The most authoritative sources for the origin of the name "Neoga" conclude that the word comes directly from the Kickapoo language and means "deer".
Neoga originated and flourished because of the Illinois Central Railroad. This area was relatively isolated and non-progressive until the railway and steam locomotive revolutionized means of transportation. In 1851 the State of Illinois granted the Illinois Central three million acres of land, a strip 200 feet wide from Michigan Canal to Cairo for the purpose of building and financing a railroad. A branch of the Illinois Central was constructed from Centralia to Chicago, and it is on this line that the station of Neoga was established in 1855.
The lonely little depot sitting out on the prairie didn't have to wait long to fulfill its destiny. Families began to move in around the outlet immediately. Government land that once had no takers at 62 1/2 cents an acre was now grabbed up for $6.00 an acre!
What was referred to as the Original Town embodies twenty blocks straddling the railroad. The ten blocks on the east constitute land grant property of the Illinois Central, and the ten blocks on the west side compose the first Bacon and Jennings Addition which was added at the time the town was platted. The official plat was recorded at the Cumberland County Courthouse on June 16, 1856. That date is therefore considered the legal birthday of Neoga.
Between the years of 1856 and 1869 Neoga residents governed themselves in true frontier style. Then, in common wild-west tradition they began to feel the need of "the law". Some Civil War veterans came home rough and rowdy, presenting problems to a comparatively peaceful community. Also, there were numerous squabbles over the roaming stock, particularly swine. Hence, the time arrived for corporational limits, application for a charter, legal ordinances with authority for enforcement, and a calaboose (jail). The town charter was granted on April 17, 1869. The next year was spent studying and planning ordinances, deciding election procedures, and preparing for 1870 as the political starting point of Neoga town.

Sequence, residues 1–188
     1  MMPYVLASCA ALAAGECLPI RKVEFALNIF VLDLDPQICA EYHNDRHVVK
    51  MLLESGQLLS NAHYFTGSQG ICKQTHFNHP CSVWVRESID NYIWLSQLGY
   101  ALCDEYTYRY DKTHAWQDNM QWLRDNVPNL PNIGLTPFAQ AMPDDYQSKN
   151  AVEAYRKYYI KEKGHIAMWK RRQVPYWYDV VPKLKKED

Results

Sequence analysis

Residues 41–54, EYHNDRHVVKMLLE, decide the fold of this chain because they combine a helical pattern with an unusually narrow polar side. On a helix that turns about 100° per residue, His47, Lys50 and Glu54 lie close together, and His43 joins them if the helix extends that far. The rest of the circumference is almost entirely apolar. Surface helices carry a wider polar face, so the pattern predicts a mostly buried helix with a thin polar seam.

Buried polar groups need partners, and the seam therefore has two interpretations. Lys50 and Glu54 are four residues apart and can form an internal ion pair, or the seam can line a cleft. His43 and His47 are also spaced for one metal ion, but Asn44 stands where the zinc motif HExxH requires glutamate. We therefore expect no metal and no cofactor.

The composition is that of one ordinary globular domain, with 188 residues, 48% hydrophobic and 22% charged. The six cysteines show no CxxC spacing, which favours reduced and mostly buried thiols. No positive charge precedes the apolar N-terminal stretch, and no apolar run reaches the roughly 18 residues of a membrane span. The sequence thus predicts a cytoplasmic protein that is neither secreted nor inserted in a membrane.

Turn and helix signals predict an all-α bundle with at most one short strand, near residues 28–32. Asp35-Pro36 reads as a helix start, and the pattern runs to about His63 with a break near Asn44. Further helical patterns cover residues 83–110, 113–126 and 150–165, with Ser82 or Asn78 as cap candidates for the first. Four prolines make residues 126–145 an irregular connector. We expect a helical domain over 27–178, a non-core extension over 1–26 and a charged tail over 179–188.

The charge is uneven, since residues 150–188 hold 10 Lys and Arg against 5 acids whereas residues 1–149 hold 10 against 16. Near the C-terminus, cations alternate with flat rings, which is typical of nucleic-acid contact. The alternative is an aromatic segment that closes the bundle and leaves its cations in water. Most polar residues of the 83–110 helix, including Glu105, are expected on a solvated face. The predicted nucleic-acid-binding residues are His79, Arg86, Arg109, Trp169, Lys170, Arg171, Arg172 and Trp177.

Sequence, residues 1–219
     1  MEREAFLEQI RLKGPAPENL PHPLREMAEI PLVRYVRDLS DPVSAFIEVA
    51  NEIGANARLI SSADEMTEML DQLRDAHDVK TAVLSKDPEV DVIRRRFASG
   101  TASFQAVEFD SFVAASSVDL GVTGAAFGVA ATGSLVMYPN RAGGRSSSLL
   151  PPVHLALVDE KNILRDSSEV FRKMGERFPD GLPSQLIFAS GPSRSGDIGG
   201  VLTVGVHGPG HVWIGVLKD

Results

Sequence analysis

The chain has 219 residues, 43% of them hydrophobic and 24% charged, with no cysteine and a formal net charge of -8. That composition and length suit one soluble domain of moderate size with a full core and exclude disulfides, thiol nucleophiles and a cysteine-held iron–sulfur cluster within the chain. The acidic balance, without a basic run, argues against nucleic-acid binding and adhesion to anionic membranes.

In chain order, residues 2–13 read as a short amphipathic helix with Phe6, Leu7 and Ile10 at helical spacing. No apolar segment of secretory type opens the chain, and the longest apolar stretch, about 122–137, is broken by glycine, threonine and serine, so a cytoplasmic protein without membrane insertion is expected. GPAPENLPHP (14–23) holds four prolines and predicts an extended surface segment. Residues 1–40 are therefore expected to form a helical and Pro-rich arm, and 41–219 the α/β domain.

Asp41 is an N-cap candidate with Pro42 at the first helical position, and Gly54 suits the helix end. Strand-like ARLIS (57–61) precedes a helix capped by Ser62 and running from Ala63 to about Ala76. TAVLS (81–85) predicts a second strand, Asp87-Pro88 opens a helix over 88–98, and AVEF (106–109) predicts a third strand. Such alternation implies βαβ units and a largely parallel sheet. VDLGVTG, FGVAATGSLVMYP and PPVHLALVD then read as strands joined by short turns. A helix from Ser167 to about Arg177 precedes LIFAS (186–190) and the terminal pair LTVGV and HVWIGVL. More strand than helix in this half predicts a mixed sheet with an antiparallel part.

The government was reorganized in 1881 to comply with new Illinois constitutional laws. From 1881 to 1933, Neoga was a corporate village instead of a town. The village was changed to a city in 1933, and a commission form of government was established with a mayor and four commissioners making up the city council. Robert L. Shaffer was the mayor and Percy L. Claybaugh was the clerk.
The City celebrated its Centennial in grand style on August 14 & 15, 1956 at Jennings Park in Neoga. The official centennial program proudly touted Neoga as the ONLY City in Cumberland County. Many activities were held such as Brothers of the Brush and Sisters of the Swish contests, a queen pageant, and a parade.
The City was still thriving as we celebrated our Sesquicentennial on September 14 - 16, 2006. People of all ages came from near and far to reminisce. Friends and family gathered at many of the events that were held throughout the city. The sesquicentennial tea, the Edwards 1870 home tour, the quilt show at Short Furniture, the model train exhibit at the Municipal Building, the historical display at the library, the antique tractor drive, and an auto and cycle show were just some of the activities that kept Neoga brimming all weekend long. A play entitled "Neoga - Moments from the Past" was performed for full capacity crowds on Friday and Saturday night at the Neoga Elementary School.
Another very noteworthy event held during the Sesquicentennial celebration was the time capsule ceremony at Jennings Park. Citizens were invited to submit Items that could be sealed into the capsule. The capsule was placed into a cement case constructed by Dave Cameron. The monument graces the southeast entrance to the park. Hopefully, the time capsule will be opened at the City's Bicentennial celebration in 2056. It is hard to imagine now, but that celebration will also one day be a part of the history page on the City of Neoga's website!